University with the ambition of becoming a journalist. Brigham sent reports to the Evansville Review and
kept the local fans informed about Barnum's athletic achievements.
March 1, 1923, Evansville Review, p. 1, Evansville, Wisconsin
In his freshman year at the University, Barnum played fullback on the freshman football team and also
made the freshman basketball and baseball teams. He was the only freshman to make all three squads
Richard "Roundy" Brigham wrote to the Review that Barnum weighed about 190 pounds and "is just as
fast as ever." When the freshman and varsity teams scrimmaged, Brigham told local fans, "Barnum on
the frosh certainly made a clown of the varsity linesmen opposite him the other night."
Barnum was given a position on the varsity football squad starting in the fall of his sophomore year. He
was also chosen by the Wisconsin basketball coach "Doc" Meanwell to play on the varsity basketball
squad. Meanwell also coached his team to use the short pass game that Evansville High School Coach
Edwards had taught Barnum and his teammates.
By the end of his sophomore year at the University, Rollie Barnum had won three sports letters for his
success in football, basketball and baseball. In the next two years, he earned six more letters and
became the first nine-letter winner in the University's history. It was not until the 1960s that a student
repeated this fete.
His leadership abilities were also evident to his teammates at the University. Rollie Barnum was elected
co-captain of the basketball team in his senior year at the University.
When Barnum graduated in 1927, he helped coach the University basketball teams for a short time.
Then he became one of the original members of the Oshkosh All Stars, a professional basketball team.
Barnum also played semi-professional baseball as a member of the Madison Blues.
Although athletics was his first love, Barnum became a stockbroker in the Milwaukee office of Merrill
Lynch, Pierce, Fenner and Smith, Inc. However, he also gave much of his free time to sports activities.
For 32 years, Barnum was a Big Ten official and referee for football and basketball games.
Barnum stopped refereeing basketball games in 1945, but was a Big Ten football official until 1958.
When he retired from the Big Ten, Barnum estimated that he had served in 500 games, including a
Rose Bowl game in 1952 and the 1948 College All-Star game.
He had been reluctant to quit his work as a game official, Barnum told a reporter. "It's getting harder to
keep up with them every year and I don't want it ever to become a chore," Barnum said.
For his life-long work in sports, Rolland A. Barnum was inducted into the Madison Sports Hall of Fame in
1965. Barnum was the 10th person to be appointed to that exclusive club.
When he died in 1977, Barnum was still remembered by many Evansville fans for his sports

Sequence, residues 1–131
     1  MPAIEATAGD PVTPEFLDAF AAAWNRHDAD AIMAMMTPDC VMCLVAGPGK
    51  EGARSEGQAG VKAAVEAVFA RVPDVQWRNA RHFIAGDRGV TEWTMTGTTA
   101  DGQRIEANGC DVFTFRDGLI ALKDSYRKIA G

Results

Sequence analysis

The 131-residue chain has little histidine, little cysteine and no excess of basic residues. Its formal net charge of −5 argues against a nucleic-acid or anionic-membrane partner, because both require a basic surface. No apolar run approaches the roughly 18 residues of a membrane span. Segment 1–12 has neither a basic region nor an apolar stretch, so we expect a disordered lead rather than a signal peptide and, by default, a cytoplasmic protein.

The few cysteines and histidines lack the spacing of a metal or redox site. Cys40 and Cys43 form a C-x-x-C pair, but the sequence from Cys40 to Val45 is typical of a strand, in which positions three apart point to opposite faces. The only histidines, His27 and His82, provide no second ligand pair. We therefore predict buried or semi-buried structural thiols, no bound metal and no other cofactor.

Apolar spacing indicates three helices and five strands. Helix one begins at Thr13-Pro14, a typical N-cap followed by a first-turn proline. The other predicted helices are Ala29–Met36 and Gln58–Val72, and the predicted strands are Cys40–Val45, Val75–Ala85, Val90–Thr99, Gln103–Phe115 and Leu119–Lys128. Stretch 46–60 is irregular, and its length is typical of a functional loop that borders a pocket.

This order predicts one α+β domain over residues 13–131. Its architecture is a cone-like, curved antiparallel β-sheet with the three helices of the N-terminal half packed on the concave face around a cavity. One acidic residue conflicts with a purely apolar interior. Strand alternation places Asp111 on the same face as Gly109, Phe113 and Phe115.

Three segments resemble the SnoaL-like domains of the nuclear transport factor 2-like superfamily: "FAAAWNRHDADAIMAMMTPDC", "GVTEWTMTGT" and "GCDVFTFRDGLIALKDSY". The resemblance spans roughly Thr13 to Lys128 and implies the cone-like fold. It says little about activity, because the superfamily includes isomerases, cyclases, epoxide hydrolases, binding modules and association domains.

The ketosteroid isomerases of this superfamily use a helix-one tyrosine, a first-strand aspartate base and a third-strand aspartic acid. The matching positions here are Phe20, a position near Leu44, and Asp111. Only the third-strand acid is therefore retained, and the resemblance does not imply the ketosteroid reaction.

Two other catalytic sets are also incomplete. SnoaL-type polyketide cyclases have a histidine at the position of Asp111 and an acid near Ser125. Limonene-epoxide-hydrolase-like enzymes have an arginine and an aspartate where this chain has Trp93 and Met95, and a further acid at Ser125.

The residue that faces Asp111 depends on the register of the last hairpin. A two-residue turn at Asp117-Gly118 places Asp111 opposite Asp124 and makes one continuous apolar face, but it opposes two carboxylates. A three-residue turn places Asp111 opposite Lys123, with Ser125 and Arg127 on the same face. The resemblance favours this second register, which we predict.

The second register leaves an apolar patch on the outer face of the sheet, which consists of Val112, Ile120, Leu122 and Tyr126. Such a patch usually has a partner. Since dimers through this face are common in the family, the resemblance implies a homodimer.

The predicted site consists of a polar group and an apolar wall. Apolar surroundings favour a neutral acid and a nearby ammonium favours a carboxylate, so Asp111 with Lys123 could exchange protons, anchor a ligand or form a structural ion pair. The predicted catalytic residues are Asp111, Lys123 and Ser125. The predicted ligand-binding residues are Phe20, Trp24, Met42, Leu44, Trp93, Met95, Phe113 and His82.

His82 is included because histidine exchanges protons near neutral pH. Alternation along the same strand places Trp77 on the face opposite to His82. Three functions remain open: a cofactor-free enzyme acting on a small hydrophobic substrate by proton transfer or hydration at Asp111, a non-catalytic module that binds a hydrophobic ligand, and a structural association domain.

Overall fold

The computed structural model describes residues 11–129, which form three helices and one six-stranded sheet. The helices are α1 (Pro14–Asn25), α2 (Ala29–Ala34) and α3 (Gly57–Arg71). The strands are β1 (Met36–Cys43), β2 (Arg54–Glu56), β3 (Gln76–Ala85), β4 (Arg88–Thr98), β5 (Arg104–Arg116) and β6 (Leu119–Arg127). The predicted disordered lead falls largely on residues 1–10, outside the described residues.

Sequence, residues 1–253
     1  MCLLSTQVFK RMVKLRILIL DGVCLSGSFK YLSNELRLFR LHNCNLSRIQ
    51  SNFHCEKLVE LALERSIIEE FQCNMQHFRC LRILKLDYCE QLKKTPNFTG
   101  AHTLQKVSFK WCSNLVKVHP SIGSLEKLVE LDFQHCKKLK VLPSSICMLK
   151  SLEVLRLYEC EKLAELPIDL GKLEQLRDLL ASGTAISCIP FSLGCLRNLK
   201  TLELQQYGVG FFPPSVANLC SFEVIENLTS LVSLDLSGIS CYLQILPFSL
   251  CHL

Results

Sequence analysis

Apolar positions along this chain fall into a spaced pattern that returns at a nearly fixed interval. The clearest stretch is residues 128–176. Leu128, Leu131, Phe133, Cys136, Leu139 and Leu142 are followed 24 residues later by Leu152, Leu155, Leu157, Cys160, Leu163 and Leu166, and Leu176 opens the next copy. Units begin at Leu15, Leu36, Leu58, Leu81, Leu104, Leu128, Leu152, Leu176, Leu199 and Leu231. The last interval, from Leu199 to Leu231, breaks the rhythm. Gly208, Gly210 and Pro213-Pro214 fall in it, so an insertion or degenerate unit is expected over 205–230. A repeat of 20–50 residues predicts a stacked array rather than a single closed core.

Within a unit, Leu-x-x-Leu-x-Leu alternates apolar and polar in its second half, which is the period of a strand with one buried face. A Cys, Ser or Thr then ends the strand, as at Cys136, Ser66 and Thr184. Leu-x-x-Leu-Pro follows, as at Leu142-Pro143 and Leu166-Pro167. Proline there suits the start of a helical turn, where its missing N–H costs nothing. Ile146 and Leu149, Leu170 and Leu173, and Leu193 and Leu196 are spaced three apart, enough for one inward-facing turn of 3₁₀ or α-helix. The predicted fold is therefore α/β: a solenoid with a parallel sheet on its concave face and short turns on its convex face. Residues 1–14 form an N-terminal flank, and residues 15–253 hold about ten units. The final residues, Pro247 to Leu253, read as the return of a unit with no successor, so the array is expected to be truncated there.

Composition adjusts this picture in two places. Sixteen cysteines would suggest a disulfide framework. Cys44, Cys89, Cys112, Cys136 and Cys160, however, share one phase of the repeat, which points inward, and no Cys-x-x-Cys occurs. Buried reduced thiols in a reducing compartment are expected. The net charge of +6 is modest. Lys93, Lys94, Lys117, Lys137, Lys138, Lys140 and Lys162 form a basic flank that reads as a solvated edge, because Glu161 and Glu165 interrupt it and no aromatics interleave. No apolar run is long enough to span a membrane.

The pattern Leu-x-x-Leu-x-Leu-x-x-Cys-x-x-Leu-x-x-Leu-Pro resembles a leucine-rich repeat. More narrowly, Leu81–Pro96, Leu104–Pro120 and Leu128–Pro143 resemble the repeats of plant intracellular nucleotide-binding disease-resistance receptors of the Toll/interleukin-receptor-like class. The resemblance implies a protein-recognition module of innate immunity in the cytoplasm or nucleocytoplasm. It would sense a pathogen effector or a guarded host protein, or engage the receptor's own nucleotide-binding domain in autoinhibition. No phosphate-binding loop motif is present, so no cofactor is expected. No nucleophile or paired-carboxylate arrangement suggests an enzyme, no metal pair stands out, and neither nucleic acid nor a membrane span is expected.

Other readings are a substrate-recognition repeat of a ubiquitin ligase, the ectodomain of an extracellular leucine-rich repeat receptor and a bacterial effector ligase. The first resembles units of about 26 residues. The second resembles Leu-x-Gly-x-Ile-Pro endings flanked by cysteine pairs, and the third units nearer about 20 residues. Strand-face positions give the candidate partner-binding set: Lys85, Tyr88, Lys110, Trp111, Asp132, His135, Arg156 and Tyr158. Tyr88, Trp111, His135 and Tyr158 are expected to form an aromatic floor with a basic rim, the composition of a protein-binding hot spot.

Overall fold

achievements. The small sports program that had developed in the early 1920s in the Evansville High
School had produced a sports star and life-long champion of athletic activities.
February 12, 1925, Evansville Review, p. 1, Evansville, Wisconsin
February 19, 1925, Evansville Review, Evansville, Wisconsin
February 19, 1925, Evansville Review, p. 1, col. 6, Evansville, Wisconsin
September 17, 1925, Evansville Review, p. 1, co. 3, Evansville, Wisconsin
January 20, 1927, Evansville Review, p. 1, col. 5, Evansville, Wisconsin
February 3, 1927, Evansville Review,
A daughter, Barbara Ann, was born to Mr. and Mrs. Rolland Barnum, Madison, Sunday, in St. Mary’s
hospital. A. M. Barnum, this city, visited them Sunday afternoon.
April 23, 1931, Evansville Review, p. 5, col. 3, Evansville, Wisconsin
January 22, 1959, Evansville Review, Evansville, Wisconsin
June 23, 1977, Evansville Post, Evansville, Wisconsin
Dean, Alice O'Neill
MADISON/ PEORIA, ARIZ. - Alice O'Neill Dean, age 99, died Tuesday, Sept. 20, 2005, in Peoria, Ariz.
She was born and raised on East Wilson Street, Madison, on Aug. 5, 1906, to Michael O'Neill and
Margaret Foy O'Neill. She attended Madison High and graduated from the University of Wisconsin,
ready to teach French to high school students. The admiring love of her life, Joseph Charles Dean,
convinced her to marry and follow him to Philadelphia, Pa., where he finished medical training. She later
admitted it was a smart turn. Alice and Joe moved back to Madison as Dr. Joe joined his father, Dr.
Joseph Dean, as a surgeon at the Dean Clinic. Her children grew with love, direction and the added
benefit of her dynamic personality, beauty, hard work and humor. Alice could shovel snow, mow lawns,
garden, drive a car like a NASCAR racer, cook, sew, hug, dance, laugh, play bridge, golf, tell stories and
be there for friends and family when needed. She raised their four rascals alone while Dr. Joe was
saving and repairing sailors and marines in the Pacific. The love of her life left her Dec. 24, 1959, but
before he died, she promised him to continue to be her positive, giving, forward-looking self. She
succeeded: married and buried Ralph Immell, Rollie Barnum and spent many years with Charles
McGinnis before his death, all interesting and wonderful gentlemen. Alice had been a longtime member
of the Red Cross, the Attic Angel Association, Maple Bluff Country Club and the Sun City Country Club,
Ariz., and a resident of Freedom Plaza in Peoria, Ariz. Alice is survived by her three sons, Joseph C.
(Marian) Dean, Michael (Peggy) Dean and Timothy (Peggy) Dean; daughter, Diana Dean; 13
grandchildren; and many great-grandchildren. She was preceded in death by her parents; and three
humorous siblings, Ed O'Neill, Frank O'Neill and June (Sister Clarita) O'Neill. A family memorial gathering
will be held at a later date. Not many people live and experience suc h a long and wonderful life, with
devoted family and friends. She played golf and bridge, was an imaginative cook and delightful hostess
until just recently. We are thankful to have shared in her remarkable life. We will always love her and
cherish her memory.